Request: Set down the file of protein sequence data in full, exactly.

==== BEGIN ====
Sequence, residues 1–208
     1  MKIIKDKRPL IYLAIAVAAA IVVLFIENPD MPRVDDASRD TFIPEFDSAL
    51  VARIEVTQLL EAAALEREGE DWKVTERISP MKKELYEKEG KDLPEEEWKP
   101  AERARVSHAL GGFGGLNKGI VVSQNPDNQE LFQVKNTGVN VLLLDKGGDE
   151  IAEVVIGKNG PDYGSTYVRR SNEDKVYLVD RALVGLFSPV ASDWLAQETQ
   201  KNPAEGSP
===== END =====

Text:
Sequence, residues 1–208
     1  MKIIKDKRPL IYLAIAVAAA IVVLFIENPD MPRVDDASRD TFIPEFDSAL
    51  VARIEVTQLL EAAALEREGE DWKVTERISP MKKELYEKEG KDLPEEEWKP
   101  AERARVSHAL GGFGGLNKGI VVSQNPDNQE LFQVKNTGVN VLLLDKGGDE
   151  IAEVVIGKNG PDYGSTYVRR SNEDKVYLVD RALVGLFSPV ASDWLAQETQ
   201  KNPAEGSP